Developmental trauma is where trauma meets attachment. The study of trauma is new – within the last 30 years. The research has discovered multiple ways we can all recover from trauma and live more joyful lives. Further, the effects and symptoms of trauma mimic ASD and other mental health conditions. Learn what the experts are finding in research-based interventions in therapy, everyday living, and classroom practices to regulate ourselves and co-regulate with others for a more peaceful and joyful life.

Tamera Pulver, EdS, studied child psychology at the University of Minnesota, studying with Dr. Alan Sroufe. She took a long break to work, marry and raise her daughter – eventually working as a para in her school. She loved this work, so she returned to school. Working as a high school and middle school teacher, she completed a specialist degree in educational leadership. Tammy works with charter schools as a Director of Special Ed. The pandemic prompted her to dive deep into traumatic studies with the Trauma Research Foundation and Dr. Bessel van der Kolk.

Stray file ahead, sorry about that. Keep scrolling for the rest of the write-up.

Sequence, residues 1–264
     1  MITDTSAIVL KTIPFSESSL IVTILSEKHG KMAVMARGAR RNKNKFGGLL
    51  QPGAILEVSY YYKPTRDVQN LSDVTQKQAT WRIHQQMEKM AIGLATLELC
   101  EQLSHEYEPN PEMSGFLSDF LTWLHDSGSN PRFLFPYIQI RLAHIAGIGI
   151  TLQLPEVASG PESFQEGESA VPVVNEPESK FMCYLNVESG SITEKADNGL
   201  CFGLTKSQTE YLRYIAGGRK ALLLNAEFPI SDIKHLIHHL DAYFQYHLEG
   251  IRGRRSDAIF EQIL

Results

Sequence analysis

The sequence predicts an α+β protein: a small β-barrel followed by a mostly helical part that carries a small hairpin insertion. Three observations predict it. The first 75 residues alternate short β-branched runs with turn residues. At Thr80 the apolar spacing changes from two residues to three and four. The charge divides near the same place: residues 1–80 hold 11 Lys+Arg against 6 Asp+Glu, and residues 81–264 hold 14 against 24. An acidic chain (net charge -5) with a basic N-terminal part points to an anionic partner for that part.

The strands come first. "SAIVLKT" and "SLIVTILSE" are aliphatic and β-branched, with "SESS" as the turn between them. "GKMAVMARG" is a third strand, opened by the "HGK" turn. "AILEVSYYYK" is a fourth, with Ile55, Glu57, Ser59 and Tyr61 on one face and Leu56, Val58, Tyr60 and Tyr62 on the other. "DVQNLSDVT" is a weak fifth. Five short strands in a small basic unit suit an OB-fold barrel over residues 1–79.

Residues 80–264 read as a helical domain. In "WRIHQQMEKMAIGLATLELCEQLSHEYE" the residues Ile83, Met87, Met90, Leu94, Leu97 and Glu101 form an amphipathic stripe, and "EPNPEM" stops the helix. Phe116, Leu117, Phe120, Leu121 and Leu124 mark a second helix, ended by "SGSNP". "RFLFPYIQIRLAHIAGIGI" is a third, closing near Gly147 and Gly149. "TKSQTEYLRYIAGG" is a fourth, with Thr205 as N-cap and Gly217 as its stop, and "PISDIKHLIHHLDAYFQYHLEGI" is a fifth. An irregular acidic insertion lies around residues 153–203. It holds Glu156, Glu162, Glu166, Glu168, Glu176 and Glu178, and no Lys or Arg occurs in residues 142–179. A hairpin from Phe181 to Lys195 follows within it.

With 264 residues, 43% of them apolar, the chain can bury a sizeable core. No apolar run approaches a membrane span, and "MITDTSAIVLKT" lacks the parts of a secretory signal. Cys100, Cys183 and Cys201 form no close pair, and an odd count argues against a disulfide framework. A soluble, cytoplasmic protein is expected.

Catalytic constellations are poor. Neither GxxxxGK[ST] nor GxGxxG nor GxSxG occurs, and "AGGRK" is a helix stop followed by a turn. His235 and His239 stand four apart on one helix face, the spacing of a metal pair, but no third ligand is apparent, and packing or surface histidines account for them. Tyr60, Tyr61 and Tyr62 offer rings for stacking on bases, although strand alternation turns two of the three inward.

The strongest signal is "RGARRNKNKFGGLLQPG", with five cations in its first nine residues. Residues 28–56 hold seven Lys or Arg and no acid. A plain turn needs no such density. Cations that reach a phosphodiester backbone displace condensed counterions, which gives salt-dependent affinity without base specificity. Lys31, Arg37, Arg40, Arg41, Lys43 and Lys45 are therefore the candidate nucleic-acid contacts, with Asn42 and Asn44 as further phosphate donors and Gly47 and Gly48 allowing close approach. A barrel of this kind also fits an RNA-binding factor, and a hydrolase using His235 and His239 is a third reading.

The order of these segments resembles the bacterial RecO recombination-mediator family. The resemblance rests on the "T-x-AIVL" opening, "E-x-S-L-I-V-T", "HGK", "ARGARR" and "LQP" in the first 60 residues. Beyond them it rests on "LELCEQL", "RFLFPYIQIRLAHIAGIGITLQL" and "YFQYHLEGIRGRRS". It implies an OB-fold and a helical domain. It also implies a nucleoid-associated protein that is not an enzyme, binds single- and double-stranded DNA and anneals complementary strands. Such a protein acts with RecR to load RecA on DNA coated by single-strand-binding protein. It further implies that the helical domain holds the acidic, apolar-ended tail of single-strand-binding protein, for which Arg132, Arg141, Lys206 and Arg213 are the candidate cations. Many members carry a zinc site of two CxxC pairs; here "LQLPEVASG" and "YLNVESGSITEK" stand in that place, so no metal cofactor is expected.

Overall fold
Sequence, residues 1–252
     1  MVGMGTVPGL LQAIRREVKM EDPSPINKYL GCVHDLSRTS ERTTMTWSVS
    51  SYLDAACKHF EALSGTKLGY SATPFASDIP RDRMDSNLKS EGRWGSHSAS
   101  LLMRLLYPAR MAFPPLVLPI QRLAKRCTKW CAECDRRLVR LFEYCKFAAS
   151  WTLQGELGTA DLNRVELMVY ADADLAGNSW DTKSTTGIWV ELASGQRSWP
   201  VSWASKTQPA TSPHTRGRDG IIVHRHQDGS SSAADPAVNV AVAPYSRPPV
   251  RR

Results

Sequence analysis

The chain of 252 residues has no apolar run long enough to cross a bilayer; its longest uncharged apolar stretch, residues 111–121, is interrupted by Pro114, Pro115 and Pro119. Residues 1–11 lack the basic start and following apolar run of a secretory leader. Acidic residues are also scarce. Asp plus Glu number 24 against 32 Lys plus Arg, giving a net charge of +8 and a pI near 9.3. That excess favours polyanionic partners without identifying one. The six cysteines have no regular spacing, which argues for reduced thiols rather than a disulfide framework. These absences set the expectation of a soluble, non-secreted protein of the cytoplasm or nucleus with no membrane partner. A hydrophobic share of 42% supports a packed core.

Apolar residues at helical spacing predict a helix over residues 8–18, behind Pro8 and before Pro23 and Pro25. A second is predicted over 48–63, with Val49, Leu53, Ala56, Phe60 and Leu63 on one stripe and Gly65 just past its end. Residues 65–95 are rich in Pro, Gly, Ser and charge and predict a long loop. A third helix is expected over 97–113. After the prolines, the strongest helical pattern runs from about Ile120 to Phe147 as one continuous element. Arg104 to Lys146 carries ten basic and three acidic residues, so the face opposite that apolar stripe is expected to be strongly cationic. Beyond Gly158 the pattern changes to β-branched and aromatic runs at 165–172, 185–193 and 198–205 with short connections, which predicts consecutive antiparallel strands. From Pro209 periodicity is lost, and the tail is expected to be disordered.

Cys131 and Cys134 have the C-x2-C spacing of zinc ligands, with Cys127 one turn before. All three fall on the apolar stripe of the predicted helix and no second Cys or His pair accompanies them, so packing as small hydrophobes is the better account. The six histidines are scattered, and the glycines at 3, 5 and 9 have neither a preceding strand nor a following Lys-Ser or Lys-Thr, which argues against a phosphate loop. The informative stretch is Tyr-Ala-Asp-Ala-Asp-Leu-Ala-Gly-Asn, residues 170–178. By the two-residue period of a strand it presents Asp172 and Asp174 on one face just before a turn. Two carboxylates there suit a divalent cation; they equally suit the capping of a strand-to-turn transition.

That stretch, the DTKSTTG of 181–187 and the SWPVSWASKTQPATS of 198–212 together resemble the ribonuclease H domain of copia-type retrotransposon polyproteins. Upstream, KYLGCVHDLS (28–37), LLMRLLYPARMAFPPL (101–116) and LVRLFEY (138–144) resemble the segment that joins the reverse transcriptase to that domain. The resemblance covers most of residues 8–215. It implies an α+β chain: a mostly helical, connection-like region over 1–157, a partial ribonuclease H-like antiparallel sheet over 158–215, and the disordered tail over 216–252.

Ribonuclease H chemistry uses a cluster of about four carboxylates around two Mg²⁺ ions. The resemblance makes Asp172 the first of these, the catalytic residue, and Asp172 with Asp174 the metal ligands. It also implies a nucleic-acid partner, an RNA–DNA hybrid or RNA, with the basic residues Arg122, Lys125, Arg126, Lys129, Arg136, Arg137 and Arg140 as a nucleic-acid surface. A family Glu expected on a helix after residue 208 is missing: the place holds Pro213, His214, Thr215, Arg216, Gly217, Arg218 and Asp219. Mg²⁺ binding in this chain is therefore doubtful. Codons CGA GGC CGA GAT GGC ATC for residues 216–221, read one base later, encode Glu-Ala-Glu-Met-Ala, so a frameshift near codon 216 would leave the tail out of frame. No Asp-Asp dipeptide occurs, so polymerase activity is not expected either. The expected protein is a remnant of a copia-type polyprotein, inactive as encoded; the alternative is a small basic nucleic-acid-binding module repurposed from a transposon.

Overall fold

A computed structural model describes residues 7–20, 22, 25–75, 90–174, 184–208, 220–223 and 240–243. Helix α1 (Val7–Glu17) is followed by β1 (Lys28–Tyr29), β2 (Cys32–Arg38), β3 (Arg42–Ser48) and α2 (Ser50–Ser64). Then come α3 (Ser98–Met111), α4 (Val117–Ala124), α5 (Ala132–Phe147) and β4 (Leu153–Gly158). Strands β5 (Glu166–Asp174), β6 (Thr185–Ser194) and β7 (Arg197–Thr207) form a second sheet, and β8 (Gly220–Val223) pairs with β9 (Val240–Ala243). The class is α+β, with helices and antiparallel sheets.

Fran Bieganek, MS, LP, BCN, CCTP, is a licensed psychologist, Board Certified in Neurofeedback, a Certified Clinical Trauma Professional, and a Qualified Neutral for the State of MN. She has a private psychotherapy practice in Edina, MN and is Co-Founder of Bhakti Brain Health Clinic–Neuroimaging & Neuromodulation. Fran is also a retired tenured track Professor of Psychology in the Minnesota State College and Universities System. Fran has over 30 years of experience in the field including neurotherapy services, clinical psychotherapy services and tenured college faculty. Fran brings a holistic approach to the work she does with children, adolescents and adults. Through the course of treatment and training, neurotherapy and psychotherapy clients go through dynamic changes. Fran’s years of experience specializing in trauma recovery, grief, anxiety-related disorders, mood-related disorders and personal growth serve as a foundation to help guide her clients through this process. While neurotherapies can facilitate remarkable transformation in alleviating symptom patterns, it can also be a game-changer in achieving optimal performance at work, school, sports and artistic endeavors.